An old friend once told me back in 1995, “Assume that every email you send will eventually land on the lunchroom bulletin board for everyone to see.” It was great advice for email. It’s even better advice for blogs.
Miffed at someone? Kill them with words. With the Web as ammo, it’s easy to wreck someone’s job, life and reputation. Google has a great memory. Glen Allsopp wrote about three women who went off to raise a little hell at their boyfriends in A New Wave of Reputation Management Issues. He wrote:
These three women found out their partners were looking for love elsewhere, they all found their relief online. Did they find support groups or forums that could help them deal with the emotional pain? Nope.
* One started a blog about the cheat
* One edited a dating profile for her partner, adding some embarassing extras
* One “hacked” into her partners emails and humiliated him
Oh, how I’ve wanted to vent, curse, whine, scream bloody hell and verbally beat the crap out of people or companies who’ve been total jerks. What stops me? It’s so uncool to do it. Why? Because nobody can hurt you unless you let them and revenge doesn’t heal the pain. It deepens the wound.
It’s frustrating me how the Web is used as a weapon. I refuse to use it that way. It’s always been my vehicle for peace, community, knowledge share and crossing bridges.
Competition on the Web can get ugly. Signals get crossed. I lost a friend because of a disagreement over links. To me, it looked as though I wasn’t good enough to be associated with his company and I took it hard.
In a different twist, I’ve been accused of being unfriendly to people who believe I’m ignoring them. Perhaps I am. Have you offered me a reason to trust you? Do you work hard or expect free hand outs? Do you want friendship or want to use me for something? I can usually tell.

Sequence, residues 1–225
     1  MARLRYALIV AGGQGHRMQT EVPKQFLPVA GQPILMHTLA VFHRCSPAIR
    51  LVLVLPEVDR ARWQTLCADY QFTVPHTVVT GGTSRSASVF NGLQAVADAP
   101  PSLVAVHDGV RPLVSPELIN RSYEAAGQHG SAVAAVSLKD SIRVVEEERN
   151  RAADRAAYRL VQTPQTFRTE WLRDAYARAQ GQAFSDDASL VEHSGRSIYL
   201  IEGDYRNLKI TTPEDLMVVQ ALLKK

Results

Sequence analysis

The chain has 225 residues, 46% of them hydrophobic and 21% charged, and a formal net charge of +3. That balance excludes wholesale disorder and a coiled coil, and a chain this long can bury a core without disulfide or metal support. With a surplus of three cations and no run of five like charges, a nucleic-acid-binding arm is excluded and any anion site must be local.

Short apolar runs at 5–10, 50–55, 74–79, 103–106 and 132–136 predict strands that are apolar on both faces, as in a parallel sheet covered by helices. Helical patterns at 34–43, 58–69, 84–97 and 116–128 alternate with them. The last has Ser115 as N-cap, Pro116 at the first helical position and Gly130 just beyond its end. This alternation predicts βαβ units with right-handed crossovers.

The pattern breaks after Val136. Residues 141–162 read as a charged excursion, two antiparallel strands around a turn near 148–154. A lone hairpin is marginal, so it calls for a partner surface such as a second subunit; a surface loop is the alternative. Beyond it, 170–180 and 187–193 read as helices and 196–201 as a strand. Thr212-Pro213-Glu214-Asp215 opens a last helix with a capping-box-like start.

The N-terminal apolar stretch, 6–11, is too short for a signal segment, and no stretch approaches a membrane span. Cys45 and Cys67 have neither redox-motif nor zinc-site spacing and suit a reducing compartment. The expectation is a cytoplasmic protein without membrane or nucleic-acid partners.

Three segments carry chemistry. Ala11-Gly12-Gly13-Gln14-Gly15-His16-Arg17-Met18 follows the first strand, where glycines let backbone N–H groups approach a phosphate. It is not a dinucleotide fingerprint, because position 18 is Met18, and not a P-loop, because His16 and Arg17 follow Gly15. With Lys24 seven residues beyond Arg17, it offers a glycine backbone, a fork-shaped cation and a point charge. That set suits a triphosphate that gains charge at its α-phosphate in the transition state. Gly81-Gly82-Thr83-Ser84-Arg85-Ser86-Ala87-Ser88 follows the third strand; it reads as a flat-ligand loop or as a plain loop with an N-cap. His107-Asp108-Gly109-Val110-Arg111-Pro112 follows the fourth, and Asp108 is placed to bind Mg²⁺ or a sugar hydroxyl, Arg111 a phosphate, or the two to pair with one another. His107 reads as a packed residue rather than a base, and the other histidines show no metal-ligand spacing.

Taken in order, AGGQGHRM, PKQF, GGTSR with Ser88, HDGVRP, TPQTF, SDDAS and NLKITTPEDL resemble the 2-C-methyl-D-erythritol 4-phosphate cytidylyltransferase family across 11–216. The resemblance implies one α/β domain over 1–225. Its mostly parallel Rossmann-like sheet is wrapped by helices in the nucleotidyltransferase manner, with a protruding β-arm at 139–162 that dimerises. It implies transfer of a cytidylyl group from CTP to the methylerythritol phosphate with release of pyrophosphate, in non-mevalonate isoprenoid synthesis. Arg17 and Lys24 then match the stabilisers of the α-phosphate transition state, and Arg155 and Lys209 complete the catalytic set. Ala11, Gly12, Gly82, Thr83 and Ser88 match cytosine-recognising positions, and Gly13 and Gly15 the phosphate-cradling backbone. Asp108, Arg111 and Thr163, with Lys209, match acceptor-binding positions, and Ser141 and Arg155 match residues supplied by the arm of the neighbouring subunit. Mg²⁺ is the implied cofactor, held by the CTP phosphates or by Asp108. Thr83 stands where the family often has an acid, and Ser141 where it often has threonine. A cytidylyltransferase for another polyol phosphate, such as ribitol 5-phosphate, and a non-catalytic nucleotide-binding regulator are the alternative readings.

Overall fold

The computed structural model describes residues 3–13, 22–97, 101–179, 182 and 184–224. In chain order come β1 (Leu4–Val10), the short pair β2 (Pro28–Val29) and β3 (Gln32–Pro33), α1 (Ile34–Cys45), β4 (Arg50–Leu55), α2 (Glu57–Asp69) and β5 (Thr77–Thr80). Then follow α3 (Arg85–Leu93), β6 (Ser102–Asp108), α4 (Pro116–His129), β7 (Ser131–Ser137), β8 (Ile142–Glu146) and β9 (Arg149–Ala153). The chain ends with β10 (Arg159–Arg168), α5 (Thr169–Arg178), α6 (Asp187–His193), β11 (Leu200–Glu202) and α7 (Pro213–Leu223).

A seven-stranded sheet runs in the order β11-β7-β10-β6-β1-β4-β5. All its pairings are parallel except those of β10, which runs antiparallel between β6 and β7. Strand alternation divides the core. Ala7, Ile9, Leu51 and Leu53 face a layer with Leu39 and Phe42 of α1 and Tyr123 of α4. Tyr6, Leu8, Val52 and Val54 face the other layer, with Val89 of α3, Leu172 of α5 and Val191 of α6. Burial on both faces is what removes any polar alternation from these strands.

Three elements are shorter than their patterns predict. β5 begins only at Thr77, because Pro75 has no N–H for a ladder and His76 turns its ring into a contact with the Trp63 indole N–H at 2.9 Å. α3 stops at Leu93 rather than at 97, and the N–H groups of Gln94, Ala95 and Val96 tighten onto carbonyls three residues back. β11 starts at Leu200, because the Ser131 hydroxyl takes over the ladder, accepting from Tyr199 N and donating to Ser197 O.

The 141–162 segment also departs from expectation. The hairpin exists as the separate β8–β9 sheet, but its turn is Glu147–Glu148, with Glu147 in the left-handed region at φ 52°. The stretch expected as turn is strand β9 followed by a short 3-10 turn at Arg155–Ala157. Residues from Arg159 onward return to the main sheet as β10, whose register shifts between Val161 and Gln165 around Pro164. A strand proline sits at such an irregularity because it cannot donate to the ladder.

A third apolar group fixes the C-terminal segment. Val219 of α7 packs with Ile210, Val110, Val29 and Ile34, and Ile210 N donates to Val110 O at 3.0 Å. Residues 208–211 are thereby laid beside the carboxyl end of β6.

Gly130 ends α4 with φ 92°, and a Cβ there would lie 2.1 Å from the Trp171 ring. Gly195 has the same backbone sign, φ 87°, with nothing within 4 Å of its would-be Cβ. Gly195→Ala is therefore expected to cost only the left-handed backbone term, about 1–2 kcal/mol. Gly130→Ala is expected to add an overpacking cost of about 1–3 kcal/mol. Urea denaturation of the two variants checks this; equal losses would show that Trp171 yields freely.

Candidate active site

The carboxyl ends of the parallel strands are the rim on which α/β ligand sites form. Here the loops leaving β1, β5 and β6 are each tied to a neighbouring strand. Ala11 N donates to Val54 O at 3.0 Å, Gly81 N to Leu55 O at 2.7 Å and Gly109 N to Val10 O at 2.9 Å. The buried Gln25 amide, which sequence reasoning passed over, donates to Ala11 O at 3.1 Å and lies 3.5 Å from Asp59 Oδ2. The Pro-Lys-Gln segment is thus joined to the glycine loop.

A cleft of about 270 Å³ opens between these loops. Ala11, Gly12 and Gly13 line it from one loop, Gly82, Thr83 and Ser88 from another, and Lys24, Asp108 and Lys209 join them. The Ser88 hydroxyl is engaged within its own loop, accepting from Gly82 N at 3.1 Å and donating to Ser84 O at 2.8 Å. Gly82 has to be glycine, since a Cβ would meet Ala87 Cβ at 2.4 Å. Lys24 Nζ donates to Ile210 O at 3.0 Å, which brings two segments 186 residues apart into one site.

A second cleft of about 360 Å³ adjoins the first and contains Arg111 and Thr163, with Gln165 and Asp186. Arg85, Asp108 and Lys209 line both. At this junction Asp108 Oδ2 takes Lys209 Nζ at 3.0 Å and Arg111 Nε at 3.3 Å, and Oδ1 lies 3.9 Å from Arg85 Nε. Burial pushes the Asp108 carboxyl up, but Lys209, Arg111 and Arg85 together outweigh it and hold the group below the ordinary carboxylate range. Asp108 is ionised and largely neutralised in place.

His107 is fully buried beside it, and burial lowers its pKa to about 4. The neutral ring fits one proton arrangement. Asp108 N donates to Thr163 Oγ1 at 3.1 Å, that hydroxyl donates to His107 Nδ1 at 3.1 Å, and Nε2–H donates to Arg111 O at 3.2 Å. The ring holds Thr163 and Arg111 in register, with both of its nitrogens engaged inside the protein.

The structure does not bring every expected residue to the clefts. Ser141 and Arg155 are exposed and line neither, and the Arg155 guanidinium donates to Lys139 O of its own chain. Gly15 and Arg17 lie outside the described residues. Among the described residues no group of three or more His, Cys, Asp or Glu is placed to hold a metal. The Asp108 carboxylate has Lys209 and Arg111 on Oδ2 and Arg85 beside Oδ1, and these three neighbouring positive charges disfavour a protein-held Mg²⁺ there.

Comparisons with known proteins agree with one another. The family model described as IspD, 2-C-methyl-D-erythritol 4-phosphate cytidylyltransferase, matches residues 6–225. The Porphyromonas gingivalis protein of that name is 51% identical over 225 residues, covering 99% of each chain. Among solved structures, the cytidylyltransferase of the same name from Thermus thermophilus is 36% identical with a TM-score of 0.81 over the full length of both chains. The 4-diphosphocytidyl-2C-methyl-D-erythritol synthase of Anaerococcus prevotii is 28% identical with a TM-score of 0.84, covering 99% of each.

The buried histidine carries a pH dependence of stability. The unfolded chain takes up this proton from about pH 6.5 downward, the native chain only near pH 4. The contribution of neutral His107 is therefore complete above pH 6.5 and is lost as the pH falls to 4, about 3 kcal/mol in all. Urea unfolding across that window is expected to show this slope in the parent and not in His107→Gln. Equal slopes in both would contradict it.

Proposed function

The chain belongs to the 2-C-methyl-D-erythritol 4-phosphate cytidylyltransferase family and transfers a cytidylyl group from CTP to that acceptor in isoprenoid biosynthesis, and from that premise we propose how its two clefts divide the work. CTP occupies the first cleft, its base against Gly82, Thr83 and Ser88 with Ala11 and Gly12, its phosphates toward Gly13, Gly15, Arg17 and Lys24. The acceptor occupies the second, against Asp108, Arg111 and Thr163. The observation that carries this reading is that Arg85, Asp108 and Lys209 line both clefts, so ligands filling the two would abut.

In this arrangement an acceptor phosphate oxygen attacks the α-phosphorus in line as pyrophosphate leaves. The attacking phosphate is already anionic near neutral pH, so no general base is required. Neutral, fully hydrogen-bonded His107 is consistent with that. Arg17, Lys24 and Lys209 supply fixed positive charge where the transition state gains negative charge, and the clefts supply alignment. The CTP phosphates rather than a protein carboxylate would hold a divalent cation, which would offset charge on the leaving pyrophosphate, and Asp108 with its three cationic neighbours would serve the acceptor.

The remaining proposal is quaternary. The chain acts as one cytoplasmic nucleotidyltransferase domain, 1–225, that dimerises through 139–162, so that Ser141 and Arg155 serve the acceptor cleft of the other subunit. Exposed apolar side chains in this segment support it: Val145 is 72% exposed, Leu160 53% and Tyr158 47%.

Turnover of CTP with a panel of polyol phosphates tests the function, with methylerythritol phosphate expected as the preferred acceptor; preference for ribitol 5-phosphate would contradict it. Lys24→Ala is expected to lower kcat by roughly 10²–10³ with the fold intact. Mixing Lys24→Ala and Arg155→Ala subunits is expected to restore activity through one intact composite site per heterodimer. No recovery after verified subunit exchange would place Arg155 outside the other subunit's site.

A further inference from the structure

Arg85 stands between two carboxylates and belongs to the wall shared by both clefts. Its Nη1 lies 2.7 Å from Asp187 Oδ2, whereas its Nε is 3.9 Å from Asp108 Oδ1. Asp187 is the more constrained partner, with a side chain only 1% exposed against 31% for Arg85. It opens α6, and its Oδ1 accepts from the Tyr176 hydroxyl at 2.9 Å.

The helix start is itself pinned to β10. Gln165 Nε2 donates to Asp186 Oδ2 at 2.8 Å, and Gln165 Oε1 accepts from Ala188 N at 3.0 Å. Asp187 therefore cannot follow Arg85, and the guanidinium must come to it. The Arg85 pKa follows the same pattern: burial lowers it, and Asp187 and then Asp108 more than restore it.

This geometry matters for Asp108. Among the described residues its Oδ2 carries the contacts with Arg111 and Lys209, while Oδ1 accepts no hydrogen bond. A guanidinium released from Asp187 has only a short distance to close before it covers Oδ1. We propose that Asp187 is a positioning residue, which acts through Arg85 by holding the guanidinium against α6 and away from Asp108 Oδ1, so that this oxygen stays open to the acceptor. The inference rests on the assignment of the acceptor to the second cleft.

With the Web, friendships seem to develop and erode very fast. The word “Friend” online is used to loosely describe anyone who walks up to you and requests to be called your friend. I know I have some “real” friends because they’ve put up with me for years, no matter what.
Not all of my friends like each other, which is tough to deal with. On the web, we’re judged by who we associate with, who we work with, our business partners, blogrolls, and now, who we yack with on Twitter. One of my SEO friends is working her butt off trying to get my 50th birthday party worked out. I met her online. She’s been one of the most incredibly loyal, devoted, supportive friends I’ve ever had. She believes in me and has faith in my work and career. Sadly, some of my other “friends” don’t like her, with one of them going public about it.
And this is what scares me about what people can do when the Web is treated like a weapon of mass reputation destruction. If someone Googles a name and finds something harsh written about the person they’re looking up, how true is it? Is it one person’s experience or 100 people?
There’s two sides to every story.
We can’t grow if we keep throwing rocks. Granted, I can see why those women went off on their boyfriends. But, would you date a woman who hacks into her boyfriend’s email or thinks public humiliation is justified? Glen’s blog post included their pictures.
Lunchroom bulletin board.